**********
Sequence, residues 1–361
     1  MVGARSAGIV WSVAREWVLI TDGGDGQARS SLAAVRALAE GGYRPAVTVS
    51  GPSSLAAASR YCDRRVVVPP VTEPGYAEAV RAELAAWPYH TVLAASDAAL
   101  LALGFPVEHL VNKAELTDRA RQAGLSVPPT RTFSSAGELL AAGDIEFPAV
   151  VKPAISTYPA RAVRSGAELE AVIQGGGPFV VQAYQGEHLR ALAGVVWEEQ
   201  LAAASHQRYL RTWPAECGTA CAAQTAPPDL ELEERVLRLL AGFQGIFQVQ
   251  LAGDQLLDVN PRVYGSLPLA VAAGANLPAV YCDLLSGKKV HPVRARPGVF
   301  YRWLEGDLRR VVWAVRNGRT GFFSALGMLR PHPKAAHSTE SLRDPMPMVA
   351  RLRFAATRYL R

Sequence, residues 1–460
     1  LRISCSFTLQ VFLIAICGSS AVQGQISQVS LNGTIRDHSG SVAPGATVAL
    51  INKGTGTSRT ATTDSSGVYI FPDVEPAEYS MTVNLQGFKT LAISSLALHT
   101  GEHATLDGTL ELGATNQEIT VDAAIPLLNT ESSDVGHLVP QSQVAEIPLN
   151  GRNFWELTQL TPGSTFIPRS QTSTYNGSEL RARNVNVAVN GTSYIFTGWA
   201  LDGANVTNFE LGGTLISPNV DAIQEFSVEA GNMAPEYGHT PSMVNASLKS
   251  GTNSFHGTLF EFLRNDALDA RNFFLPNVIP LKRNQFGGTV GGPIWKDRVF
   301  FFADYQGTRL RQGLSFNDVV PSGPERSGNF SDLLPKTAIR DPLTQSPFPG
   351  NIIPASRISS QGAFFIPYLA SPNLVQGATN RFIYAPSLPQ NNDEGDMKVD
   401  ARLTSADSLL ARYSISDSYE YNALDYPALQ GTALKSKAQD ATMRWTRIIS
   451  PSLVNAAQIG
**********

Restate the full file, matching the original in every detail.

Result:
Sequence, residues 1–361
     1  MVGARSAGIV WSVAREWVLI TDGGDGQARS SLAAVRALAE GGYRPAVTVS
    51  GPSSLAAASR YCDRRVVVPP VTEPGYAEAV RAELAAWPYH TVLAASDAAL
   101  LALGFPVEHL VNKAELTDRA RQAGLSVPPT RTFSSAGELL AAGDIEFPAV
   151  VKPAISTYPA RAVRSGAELE AVIQGGGPFV VQAYQGEHLR ALAGVVWEEQ
   201  LAAASHQRYL RTWPAECGTA CAAQTAPPDL ELEERVLRLL AGFQGIFQVQ
   251  LAGDQLLDVN PRVYGSLPLA VAAGANLPAV YCDLLSGKKV HPVRARPGVF
   301  YRWLEGDLRR VVWAVRNGRT GFFSALGMLR PHPKAAHSTE SLRDPMPMVA
   351  RLRFAATRYL R

Sequence, residues 1–460
     1  LRISCSFTLQ VFLIAICGSS AVQGQISQVS LNGTIRDHSG SVAPGATVAL
    51  INKGTGTSRT ATTDSSGVYI FPDVEPAEYS MTVNLQGFKT LAISSLALHT
   101  GEHATLDGTL ELGATNQEIT VDAAIPLLNT ESSDVGHLVP QSQVAEIPLN
   151  GRNFWELTQL TPGSTFIPRS QTSTYNGSEL RARNVNVAVN GTSYIFTGWA
   201  LDGANVTNFE LGGTLISPNV DAIQEFSVEA GNMAPEYGHT PSMVNASLKS
   251  GTNSFHGTLF EFLRNDALDA RNFFLPNVIP LKRNQFGGTV GGPIWKDRVF
   301  FFADYQGTRL RQGLSFNDVV PSGPERSGNF SDLLPKTAIR DPLTQSPFPG
   351  NIIPASRISS QGAFFIPYLA SPNLVQGATN RFIYAPSLPQ NNDEGDMKVD
   401  ARLTSADSLL ARYSISDSYE YNALDYPALQ GTALKSKAQD ATMRWTRIIS
   451  PSLVNAAQIG